Патент USA US2048056код для вставки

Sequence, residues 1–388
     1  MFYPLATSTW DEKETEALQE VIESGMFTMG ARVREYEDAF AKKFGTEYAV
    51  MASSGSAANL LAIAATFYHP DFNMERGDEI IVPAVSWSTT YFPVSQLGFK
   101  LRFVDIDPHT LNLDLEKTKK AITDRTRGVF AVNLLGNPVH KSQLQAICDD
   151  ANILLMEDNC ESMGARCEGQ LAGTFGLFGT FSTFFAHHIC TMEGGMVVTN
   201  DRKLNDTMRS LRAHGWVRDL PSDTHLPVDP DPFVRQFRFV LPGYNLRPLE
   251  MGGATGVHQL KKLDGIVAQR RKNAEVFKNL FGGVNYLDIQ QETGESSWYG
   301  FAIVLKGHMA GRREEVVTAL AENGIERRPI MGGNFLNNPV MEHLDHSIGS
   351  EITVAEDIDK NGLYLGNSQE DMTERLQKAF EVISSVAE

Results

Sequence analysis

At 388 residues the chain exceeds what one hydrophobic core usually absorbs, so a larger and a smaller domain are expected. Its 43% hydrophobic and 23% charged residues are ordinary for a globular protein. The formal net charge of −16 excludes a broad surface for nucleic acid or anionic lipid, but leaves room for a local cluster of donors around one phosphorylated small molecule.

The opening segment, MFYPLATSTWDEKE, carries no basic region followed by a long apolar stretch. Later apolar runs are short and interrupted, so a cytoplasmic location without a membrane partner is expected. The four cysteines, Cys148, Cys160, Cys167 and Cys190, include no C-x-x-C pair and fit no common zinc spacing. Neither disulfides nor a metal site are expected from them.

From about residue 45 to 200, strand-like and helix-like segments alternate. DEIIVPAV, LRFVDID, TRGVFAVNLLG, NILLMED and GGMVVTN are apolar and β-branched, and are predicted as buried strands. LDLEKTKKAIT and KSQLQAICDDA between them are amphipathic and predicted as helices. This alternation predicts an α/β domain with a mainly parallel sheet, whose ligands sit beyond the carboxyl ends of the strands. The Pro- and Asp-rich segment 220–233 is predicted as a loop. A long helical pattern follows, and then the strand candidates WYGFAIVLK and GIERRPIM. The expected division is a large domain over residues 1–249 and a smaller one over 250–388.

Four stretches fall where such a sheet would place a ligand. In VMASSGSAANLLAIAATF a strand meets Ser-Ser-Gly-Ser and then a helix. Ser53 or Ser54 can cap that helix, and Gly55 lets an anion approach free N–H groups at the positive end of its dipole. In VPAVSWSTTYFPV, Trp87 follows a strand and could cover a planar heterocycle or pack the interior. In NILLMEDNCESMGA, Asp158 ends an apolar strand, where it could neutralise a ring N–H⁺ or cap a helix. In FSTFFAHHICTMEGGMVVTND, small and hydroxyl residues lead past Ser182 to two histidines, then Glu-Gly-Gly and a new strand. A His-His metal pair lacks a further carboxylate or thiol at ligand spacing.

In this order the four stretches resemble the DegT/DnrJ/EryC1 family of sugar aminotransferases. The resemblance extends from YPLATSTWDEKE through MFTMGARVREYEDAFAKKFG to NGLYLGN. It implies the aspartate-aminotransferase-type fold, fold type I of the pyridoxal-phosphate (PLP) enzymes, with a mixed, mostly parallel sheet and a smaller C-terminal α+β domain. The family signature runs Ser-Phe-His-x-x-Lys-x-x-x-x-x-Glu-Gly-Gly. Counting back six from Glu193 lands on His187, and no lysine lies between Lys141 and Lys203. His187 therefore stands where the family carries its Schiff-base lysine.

July‘2l, 1936. E. BOEHM METHOD AND PRODUCT OF HYBRIDIZING PLANTS Filed March 18, 1955 2,048,056 2,048,056 Patented July 215, 1936 UNI so ATET cries TA‘l Es 2,048,056 METHOD AND PRODUCT OF HYBRIDIZING PLANTS Edgar Boehm, Monette, Ark. Application March 18, 1935, Serial No. 11,738 6 Claims. (Cl. 47—6) This invention relates to a new and improved method and product of hybridizing plants. It was developed in producing new varieties of fruits, but it can be practised on any plant growth which can be successfully grafted either in the growth above ground or in the roots, and it is hybridization at all. my intention to claim it in its broadest sense. In the same growing season my hybridization process this speci?cation I describe the hybridization of fruit trees and fruit bushes merely as illustrative; but I do not wish to be restricted to such use be has been employed. 10 cause the process may be used in developing hybrid ?owers in those bushes which can be grafted in any well-known way. When the pollen of the flower of one plant is deposited upon the pistil of the ?ower of another 1 plant, both plants being of the same genus but of different species of'that genus, cross-fertiliza tion frequently occurs, and the plant which grows from the seed thus fertilized will be a hybrid, par taking of the characteristics of both of the 2 parents but not exactly like either of them. In the usual method of hybridizing, the pollen of a ?ower of one species is transferred to and placed upon the pistil of a ?ower of a different species, both ?owers being of the same genus. To 2 do this successfully it is necessary to remove the stamens of the ?ower to be cross-fertilized, be fore they discharge any of their pollen. Then pollen from a ?ower of a different species of the same genus is brought to and placed upon the O pistil which remains in the ?ower which is to be cross-fertilized. There are many objections and disadvantages in trying to hybridize by this well known method. 35 bear fruit before the result of the hybridization can be known, or whether there has been any In the very beginning, some pollen may be shaken off, when cutting out the stamens, and drop vupon the pistil of the same ?ower. In such a case, .all further operations are useless and merely a waste of time, because the ?ower will . 40 thus be fertilized by its own pollen and no hy bridization results. Then, too, both ?owers must be in exactly the ‘same state of maturity; that is, the pollen of one ?ower must be in the proper condition to fertilize, 45 and the pistil of the other ?ower must be in the proper condition to be fertilized. If either ?ower is not in the proper condition, cross-fertilizing vwill not take place. As the ?owers of different species of the same genus do not always mature at‘ exactly the same time, it happens that some of the crosses that, theoretically, appear to be most desirable hybridizations cannot be made by . cross-pollenization. Another, probably the greatest disadvantage is: 55 at best, cross-pollenization can be practiced only during the very brief period of time, when the ?owers of both species are in bloom, a period so ‘brief in some it is a matter of only a few hours. » Then, too, it is necessary to wait for years for 60 the seed to grow and the plant to mature and I have invented a process of hybridization which overcomes all these objections and disad vantages and frequently produces hybrid fruit The. principal object and the principal advan tage in employing my process is to be able to 10 practice hybridizing leisurely, at any time during the entire year when budding and ordinary graft ing may be successfully done on similar plants. Another important object is to know positively that hybridization has taken place as soon as the plant begins to grow, without having to wait for the planting of the seed, the growing of the plant, the maturing of the plant and its fruiting, before it can be determined if hybridization has oc curred. 20 Another object which is peculiar to and is ex clusively derived from my method, only, is: the ability to control, in a great degree, the result of the hybridization to resemble one parent plant more than the other or to have it partake of the 25 nature of both parent plants approximately equally. Other objects and advantages will appear as the description of my process proceeds. To illustrate the best way I have devised to 30 practice my invention I have ?led the accom panying sheet of drawings which is made a part of this speci?cation, and in which Figure 1 illustrates an ordinary graft of the style usually called a splice graft, the wax and 35 the wrapping commonly used being omitted; Fig. 2 shows how the graft of Fig. 1 looks after a period of growth; Fig. 3 shows the scion cut off above the area of mixed protoplasmic growth and twigs growing 40 from the area affected by the grafting; Fig. 4 shows how bud sports originate; Fig. 5 shows how the whole growing power of the tree may be directed to one or more aux iliary buds; and Fig. 6 shows how my method can be applied to berry bushes or other pithy stalked growths. My method is not dependent upon the style of grafting used. I have shown splice grafting merely as illustrative; but whip grafting, tongue 50 grafting, cleft grafting, crown grafting, rind grafting, or any other style of grafting will do and it may be practiced by budding and by root grafting. ‘ As it is desirable to be able to determine, easily, 55 the approximate area of the bark of the stock and the bark of the scion, contiguous to the point of union of the two parts of the graft, which has been modi?ed by the growth after grafting, I prefer to use splice grafting, saddle grafting, 60 2 2,048,056 ' tongue grafting, or whip grafting, merely because from the scion unin?uencedby the'character I seem to be better able to locate the limits of the modi?ed area when I use grafting of these istics of the stock, all it is necessary to do is to make the cut 9 above the area in?uenced by the mixed protoplasm of the section contiguous types; however, the style of grafting preferred is immaterial to, the success ofthe methodfand is determined almost wholly by the size‘ and "the condition of the stock and scion and the whim , of the operator. 10 . ' protoplasm. Thusit is possible to have ?ve'varieties of fruit 7‘ In the several views of the drawing and in ' produced by a single grafting operation. the detailed’ speci?cation wherever an element Assuming that an, apple stock and a pear 10 is designated by a reference character. thepar scion‘ are used, the ?ve different varieties of ticular character used will be found always ap fruit from one tree the result of a single graft plied to that element andto no other. Y‘ 7 ing operation will’ be as follows: First, the -un-> The stock is designated by l, the scion by 2, 15 and the line of vunion between these parts by 3. Whenever a’ ‘graft makes ' a satisfactory growth; there is, after such period of growth, 7 an area above and below the union, easily deter minable, in which the nature of the protoplasm of growth is modi?edv by themixture of‘ the - sap of both the stock and‘ the scion.‘ This area of ‘mixed protoplasmic effect is designated by 4 and 5»respectively,in ?gs. 2' and 6. The power of the sap of‘ the stock and the power of‘ the sap of ‘the scion 'to in?uence the ‘hybridizing character of the, growth near the. union pro; dupedv by grafting decrease as the distance'from the line of,‘ union of the two parts increases. The protoplasm is'a'pproximately ‘equally potent 3.0 and mixed at the line of union of‘ the stock and the scion. . V ' > ' After the complete union of the stock‘ and the scion, sprouts from'adventitious budsvusual 1y spring out of the area of mixed protoplasmic However, to insure that sprouts do spring from the area of mixed‘ protoplasmic growth, I cut off the scion just above the area 'modi?ed'by the mixture .of'the sap from the two parts, as ‘indicated’ in Fig. 3, and to prevent 40 bleedingv of the severed tree, it ‘is, desirable to cover the stump with some water-proofv ma terial, such as grafting, Wax, paint, asphaltum, ‘tar 45 the graft and permit branches. to, grow from the scion above the area so in?uenced by the mixed or' the like. ' ' ' ' _ modi?ed apple of the stock; second," the. hybrid fruit in which the apple predominates, .borne' by limbs 6; third, the hybridfruit in'whichrthe characteristics of vthe apple of the [stock and the pear 'of the scion are approximately, equal, borne by limbs ‘l; fourth‘, the hybridffruit ‘in j which the pear nature predominates, borne by ‘ limbs 8‘; and‘ ?fth, the fruit of the pear scion which is unin?uenced by the apple character istics, bornejby limbs which grow‘ outjof the scion. above thearea modified‘, by' the mixed :protoplasm'of the scion and the stock.’ Axillary buds l3 and adventitious budsf t2 may be forced to grow by removi'ngthe bark from branches growingfnear them in thev area of mixed protoplasm as shown at Itljand- H, ‘see ,Fig. 5. ' if The growth of branches springing-.frozrr'ade 'ventitious buds l2 and axillary buds t3'is‘greatly f augmented by killing undesirable ‘limbs .byr gire dling- them’ or by stripping the‘ bark‘ therefrom or the same increased‘ growth may be secured‘ by’ removing such limbs: bodily and‘ waterproo?ng the wounds made by- such pruning; ' l ' W V In practicing my method‘ upon blackberry bushes, raspberrybushes, and the like, the roots 7 should‘ be‘ operatedupon; because- it is‘almost’im- ,_ possible to graft the tops. Fig: 6! illustrates: the mode of’ operation upon such bushes_,_which have large soft pithy growth tops, not" suitable-f_:for . ' Soon after the scion iscut off'as' indicated at 9,'sprouts. 6, ‘l, and, 8 spring out from the area of mixed, protoplasmic. in?uence, because of the 'excess‘of sap checked‘ in its upward flow by V the waterproof. material adhering to the cut grafting; In this figure’ I’ indicates (the- root stock- or growingplant; 2'-‘a‘ root scion, 3ithe 1: line of union, 4: and 5- the area" of mixedi proto-e plasmic growth, 7 9 indicates ‘where- thejscion should’ be severed and 91 shows where the-united surface of the stump, ‘ graft should" be cut’ from the growing‘ plant.’ Usually a greater number of twigs start grow Usually, ‘during the tim-e‘the-root graft is mak 150' ins;v fro-inf the area. of mixed protoplasmic’ in ing a proper union, numerous buds~ or sprouts ?uence than should be permitted- to remain, and, appear upon the uniting roots;v but. if“ they‘ do after selecting the twigs to be‘developed‘ into not or- if‘, they’ do‘ not- appear at places desired, ‘the crown of the tree, all the others should I- cut'outthe graft on‘ the‘ lines 9“ and 91“ and H55 be pruned, on‘. ' ' " I plant" thev piece of united root in' a hot-bed'io'r The horticulturist should excerise his ‘own other suitable place forforcing; ‘After a; short judgment as to the character of‘ the fruitjdee time, buds and sproutsap-pear' throughout the sired from the bearing tree; but -I',?nd_ it more whole length of" the planted-root; I“ then takefup ' interesting ‘and prefer to preserve some limbs the’ rootv and separate it‘intoj parts‘ having one or ' -60 ' 6, which~ take out below the line of union,,some more-sprouts on each-part and then plant'the '50 ‘ limbs ‘i, whichgrow exactly over the line of union, and some limbs 8', which grow out above the line ' Qf‘union. Such selected; limbs should be spaced ‘circumferentially about the trunk'rto insure?a 65 properly balanced‘crown'to the tree. ‘ ' ' , ' The fruit borne by limbs 6 will'partake more of ‘the nature of the fruit borne by. the limbs of the stock growing entirely below the area of in?uence of the mixed protoplasm; the fruit parts which will'pro'duce numerous'pl‘antsieach of’ which, is a hybrid‘v of the two» plants used in < '7 V the root-grafting process; . I V p ‘ Having fully Vexplainedimy, invention‘a'n best‘ way to practice it,‘ what Ifcl'aim; iszy the .. . consists in grafting a scion tojarst‘ojck whereby ' there, is produced, the vicinity of. the line 'of 7 union‘ between}v theater and. the scionlanl area of. growth wherein. the» protopiasm- of they stock ’74Q, borne; by: limbs "l; willv partake equally; of the natures“ of the stock and, the; scion; and the and- the; protoplasm of the'scion, are’ mixed: and fruit barns: by; limbs.- 8.w.i.1l:partake@m0re: of the .then- preventing» the; growth: of limbsyfrom; any ,charlf?hterg and; nature of the scion‘. ; .shcuid it; be: thought desirable to have, mic £15 liThe method‘ of" hybridizing plants which ‘ ‘ other areatham that ' in?uenced: by; thersaid: niix- ' tureaofr' protoplasm; ., i 1 . ' 7,5 , 2,048,056 3 2. The method of hybridizing plants which have appeared upon the planted root-graft, consists of inserting a bud-scion into a stock severing such root-graft into portions each of and then limiting future growth of the stock to branches springing from the immediate vi cinity of the union of the bud-scion and the stock where the protoplasm of the new growth is derived from both the bud-scion and the stock, by gradually pruning away all other growth. 3. The method of hybridizing the apple and which has one or more sprouts, and then plant 10 the pear which consists of grafting a scion of one of them to a stock of the other one of them and then preventing the growth of limbs from all other parts of the grafted tree excepting that area about the union of the stock and the scion 15 wherein the newly formed protoplasms of the growing apple wood and the growing pear wood are mixed. 4. The method of hybridizing plants having pithy stems which consists in grafting a root 20 scion of one plant to the root-stock of a grow ing plant, removing the grafted section of the root-graft and planting it, then after sprouts ing the several portions whereby hybridized plants are produced. 5. The plant which is ‘the product of the method of claim 1, characterized by varietal qualities differing from those of either the stock or the scion in a degree corresponding to the distance of origin of said limbs from the point of union of the stock and the scion. 6. The plant which is the product of the method of claim 1, characterized by varietal qualities di?ering from those of either the stock or the scion, the characteristics of the stock or the scion predominating in the preserved limbs in a degree corresponding to the distance of their origin on the stock or on the scion, respectively, from the line of union between the 20 stock and the scion. EDGAR BOEHM.